Mammalian Genome

, Volume 18, Issue 11, pp 796–807 | Cite as

Characterization of a SEPT9 interacting protein, SEPT14, a novel testis-specific septin

  • Esther A. Peterson
  • Linda M. Kalikin
  • Jonathan D. Steels
  • Mathew P. Estey
  • William S. Trimble
  • Elizabeth M. Petty


Septins are a highly conserved family of GTP-binding cytoskeletal proteins implicated in multiple cellular functions, including membrane transport, apoptosis, cell polarity, cell cycle regulation, cytokinesis, and oncogenesis. Here we describe the characterization of a novel interacting partner of the septin family, initially cloned from a human testis expression library following yeast two-hybrid isolation to identify SEPT9 binding partners. Upon further genomic characterization and bioinformatics analyses it was determined that this novel septin-interacting partner was also a new member of the mammalian septin family, named SEPT14. SEPT14 maps to 7p11.2 in humans and includes a conserved GTPase domain and a predicted carboxy-terminus coiled-coil domain characteristic of other septins. Three potential translational start methionines were identified by 5′ RACE-PCR encoding proteins of 432-, 427-, and 425-residue peptides, respectively. SEPT14 shares closest homology to SEPT10, a human dendritic septin, and limited homology to SEPT9 isoforms. SEPT14 colocalized with SEPT9 when coexpressed in cell lines, and epitope-tagged forms of these proteins coimmunoprecipitated. Moreover, SEPT14 was coimmunoprecipitated from rat testes using SEPT9 antibodies, and yeast two-hybrid analysis suggested SEPT14 interactions with nine additional septins. Multitissue Northern blotting showed testis-specific expression of a single 5.0-kb SEPT14 transcript. RT-PCR analysis revealed that SEPT14 was not detectable in normal or cancerous ovarian, breast, prostate, bladder, or kidney cell lines and was only faintly detected in fetal liver, tonsil, and thymus samples. Interestingly, SEPT14 was expressed in testis but not testicular cancer cell lines by RT-PCR, suggesting that further investigation of SEPT14 as a testis-specific tumor suppressor is necessary.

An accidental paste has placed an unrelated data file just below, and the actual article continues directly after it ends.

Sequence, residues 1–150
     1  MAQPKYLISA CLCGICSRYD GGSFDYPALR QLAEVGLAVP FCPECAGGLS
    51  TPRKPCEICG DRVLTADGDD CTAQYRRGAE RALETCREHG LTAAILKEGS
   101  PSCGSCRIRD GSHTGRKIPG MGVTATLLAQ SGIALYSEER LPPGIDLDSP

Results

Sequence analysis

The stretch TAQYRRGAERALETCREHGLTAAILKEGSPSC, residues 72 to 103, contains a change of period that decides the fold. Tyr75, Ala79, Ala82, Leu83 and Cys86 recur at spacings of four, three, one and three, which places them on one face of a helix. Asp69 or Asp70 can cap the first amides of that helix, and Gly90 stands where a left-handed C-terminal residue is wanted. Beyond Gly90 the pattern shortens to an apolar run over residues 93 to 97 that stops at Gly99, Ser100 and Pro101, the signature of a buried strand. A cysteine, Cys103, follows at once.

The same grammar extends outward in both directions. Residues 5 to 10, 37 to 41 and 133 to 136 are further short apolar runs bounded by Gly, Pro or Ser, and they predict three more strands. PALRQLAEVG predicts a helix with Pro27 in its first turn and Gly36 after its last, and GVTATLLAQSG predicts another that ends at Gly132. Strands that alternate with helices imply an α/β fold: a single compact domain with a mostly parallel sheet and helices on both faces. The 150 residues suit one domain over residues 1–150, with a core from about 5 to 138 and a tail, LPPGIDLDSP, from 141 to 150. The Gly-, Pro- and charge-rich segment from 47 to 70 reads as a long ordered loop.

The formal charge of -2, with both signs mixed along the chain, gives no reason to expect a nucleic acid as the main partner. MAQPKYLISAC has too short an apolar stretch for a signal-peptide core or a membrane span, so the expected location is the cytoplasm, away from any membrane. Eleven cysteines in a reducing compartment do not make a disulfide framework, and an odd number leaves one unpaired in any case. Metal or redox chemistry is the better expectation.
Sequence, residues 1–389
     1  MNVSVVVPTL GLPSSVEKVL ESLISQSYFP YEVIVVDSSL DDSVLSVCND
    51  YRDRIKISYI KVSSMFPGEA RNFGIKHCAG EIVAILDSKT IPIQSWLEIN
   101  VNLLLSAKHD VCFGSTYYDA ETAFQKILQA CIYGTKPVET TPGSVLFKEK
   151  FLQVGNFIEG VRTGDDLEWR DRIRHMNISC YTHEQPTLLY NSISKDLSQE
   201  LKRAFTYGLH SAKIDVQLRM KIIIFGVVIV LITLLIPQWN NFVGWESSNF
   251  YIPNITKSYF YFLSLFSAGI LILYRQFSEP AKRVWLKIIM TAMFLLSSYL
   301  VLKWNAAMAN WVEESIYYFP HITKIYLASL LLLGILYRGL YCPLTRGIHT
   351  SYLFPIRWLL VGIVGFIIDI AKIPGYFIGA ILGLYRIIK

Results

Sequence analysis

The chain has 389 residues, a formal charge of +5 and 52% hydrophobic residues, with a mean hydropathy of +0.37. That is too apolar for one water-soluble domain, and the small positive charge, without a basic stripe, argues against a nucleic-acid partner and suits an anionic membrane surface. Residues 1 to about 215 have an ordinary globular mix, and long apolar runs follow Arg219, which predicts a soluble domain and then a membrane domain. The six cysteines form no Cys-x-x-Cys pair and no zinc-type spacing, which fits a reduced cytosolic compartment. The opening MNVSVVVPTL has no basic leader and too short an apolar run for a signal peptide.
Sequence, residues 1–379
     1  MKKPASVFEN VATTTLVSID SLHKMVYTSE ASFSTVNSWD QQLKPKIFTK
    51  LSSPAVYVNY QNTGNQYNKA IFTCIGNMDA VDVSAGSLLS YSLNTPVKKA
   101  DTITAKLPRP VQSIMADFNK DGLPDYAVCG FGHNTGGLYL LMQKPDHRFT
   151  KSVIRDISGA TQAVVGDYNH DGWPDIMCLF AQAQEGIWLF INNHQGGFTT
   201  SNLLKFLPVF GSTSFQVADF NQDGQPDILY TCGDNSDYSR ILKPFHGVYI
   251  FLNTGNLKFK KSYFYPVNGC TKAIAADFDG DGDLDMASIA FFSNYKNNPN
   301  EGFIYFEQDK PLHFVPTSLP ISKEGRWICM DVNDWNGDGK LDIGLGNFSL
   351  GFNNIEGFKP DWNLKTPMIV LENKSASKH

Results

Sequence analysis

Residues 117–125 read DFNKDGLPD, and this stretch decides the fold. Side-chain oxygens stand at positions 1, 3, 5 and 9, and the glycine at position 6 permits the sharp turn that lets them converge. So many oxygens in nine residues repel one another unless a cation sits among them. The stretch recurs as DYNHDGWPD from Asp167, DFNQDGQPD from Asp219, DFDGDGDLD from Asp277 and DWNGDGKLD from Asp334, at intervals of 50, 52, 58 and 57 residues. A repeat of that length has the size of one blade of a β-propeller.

Testis cDNA GTPase Domain Somatic Cell Hybrid Panel Hereditary Neuralgic Amyotrophy Septin Family 
These keywords were added by machine and not by the authors. This process is experimental and the keywords may be updated as the learning algorithm improves.



The authors thank A. Brenner and K. Kraft for technical assistance and L. Privette for critical reading of the manuscript. This work was supported by Department of Defense grant DAMD17-99-9295 (LMK), Canadian Institutes of Health Research (WST), NIH National Research Service Award #5-T32-GM07544 from the National Institute of General Medicine Sciences (EAP), and NIH National Cancer Institute (NCI) grant RO1CA072877 (EMP).

Supplementary material


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Copyright information

© Springer Science+Business Media, LLC 2007

Authors and Affiliations

  • Esther A. Peterson
    • 1
  • Linda M. Kalikin
    • 2
  • Jonathan D. Steels
    • 3
  • Mathew P. Estey
    • 3
  • William S. Trimble
    • 3
  • Elizabeth M. Petty
    • 1
    • 2
    • 4
  1. 1.Department of Human GeneticsThe University of MichiganAnn ArborUSA
  2. 2.Department of Internal MedicineThe University of MichiganAnn ArborUSA
  3. 3.Program in Cell BiologyHospital for Sick Children and Department of Biochemistry, University of TorontoTorontoCanada
  4. 4.5301 MSRB III, 1150 W. Medical Center Dr., Ann ArborAnn ArborUSA

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